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PR - An Agent-based Simulation Model Of Western Canadian Prairie Agricultural Structural Change

Western Canadian prairie farms are commonly stereotyped as large-scale grain farms located on flat lands that stretch to the horizon, but this misrepresents the diversity of farm operators, the landscape and the prairie ecosystem. This diversity has a profound impact on farm structure and competitiveness. Of particular interest are economically transitional or marginal lands between use in annual crops, forage and pasture. The primary objective of this research is to assess transitional land use, beef cow numbers, farm structure and performance under alternative price scenarios. Individual and sector performance is simulated over a period of 30 years using an agent based simulation model (ABSM). A “synthetic” farm population of 600 individual farming agents is constructed based on statistical data and located on an existing landscape of 341,530 hectares. Important model features are 1) segmented farmland auctions consisting of a primary farmland purchase market and a secondary leasing market; 2) a formalized business and farm expansion model that takes into account farm size, asset lumpiness, machinery technology and replacement policy; 3) individual agent expectations based on prior experience and risk aversion; 4) two basic farm types: grain farms and “mixed grain-cow” farms and 5) farm succession. Individual farming agent land use, success or failure in farmland markets and business prosperity are tracked over 30 years and through 100 different price and yield time paths. These are consolidated into a database and sector population statistics and farm structure are analyzed. Past economic trends such as declining farm numbers and increasing farm size are projected to continue; these trends are robust as they are generated under many different time paths and scenarios. Beef cow numbers depend upon land use which is sensitive to agent farm type preferences and wheat-beef price ratios. Large grain price increases have a more dramatic impact on industry structure by creating large structural shifts towards more grain and eventually fewer mixed farms. However, large changes in livestock prices generate smaller structural shifts over time because of the many lags and difficulties in expanding beef cow production.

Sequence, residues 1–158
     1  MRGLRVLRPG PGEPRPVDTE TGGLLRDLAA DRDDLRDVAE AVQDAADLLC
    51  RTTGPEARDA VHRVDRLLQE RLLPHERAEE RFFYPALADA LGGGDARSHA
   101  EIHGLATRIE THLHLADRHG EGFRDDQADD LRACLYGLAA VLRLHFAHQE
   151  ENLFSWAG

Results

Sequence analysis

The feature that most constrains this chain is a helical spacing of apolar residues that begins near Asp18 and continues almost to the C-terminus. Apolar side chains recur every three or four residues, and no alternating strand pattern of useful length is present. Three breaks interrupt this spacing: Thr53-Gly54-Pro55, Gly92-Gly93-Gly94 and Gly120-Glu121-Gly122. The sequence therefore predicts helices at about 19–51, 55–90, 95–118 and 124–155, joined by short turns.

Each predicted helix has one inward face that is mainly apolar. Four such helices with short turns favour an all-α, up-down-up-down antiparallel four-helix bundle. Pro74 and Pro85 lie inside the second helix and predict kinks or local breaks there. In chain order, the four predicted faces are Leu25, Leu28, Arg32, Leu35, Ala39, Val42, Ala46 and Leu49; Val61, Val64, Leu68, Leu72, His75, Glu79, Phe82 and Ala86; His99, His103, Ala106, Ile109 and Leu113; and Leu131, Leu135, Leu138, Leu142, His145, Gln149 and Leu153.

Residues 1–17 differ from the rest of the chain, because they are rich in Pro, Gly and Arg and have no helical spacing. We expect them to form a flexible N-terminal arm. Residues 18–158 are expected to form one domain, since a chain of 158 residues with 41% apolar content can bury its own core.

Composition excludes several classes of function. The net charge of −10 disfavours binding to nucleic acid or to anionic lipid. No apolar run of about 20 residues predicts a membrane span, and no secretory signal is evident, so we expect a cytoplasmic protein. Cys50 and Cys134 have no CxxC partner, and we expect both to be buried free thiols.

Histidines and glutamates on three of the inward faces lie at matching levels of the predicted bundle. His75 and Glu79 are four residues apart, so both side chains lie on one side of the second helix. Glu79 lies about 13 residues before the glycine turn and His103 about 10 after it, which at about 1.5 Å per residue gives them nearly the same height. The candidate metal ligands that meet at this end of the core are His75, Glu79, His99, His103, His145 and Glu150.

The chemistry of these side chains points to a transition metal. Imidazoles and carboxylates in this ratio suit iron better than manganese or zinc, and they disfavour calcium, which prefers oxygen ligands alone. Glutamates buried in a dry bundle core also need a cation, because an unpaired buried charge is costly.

Keywords: farm structure; Agent based simulation model


Author(s): Nolan J. (1), Schoney R.A. ( 1), Stolniuk P. ( 1)

Organization(s): Bioresource Policy Business and Economics University of Saskatchewan (1), Formerly University of Saskatchewan now farming (2)

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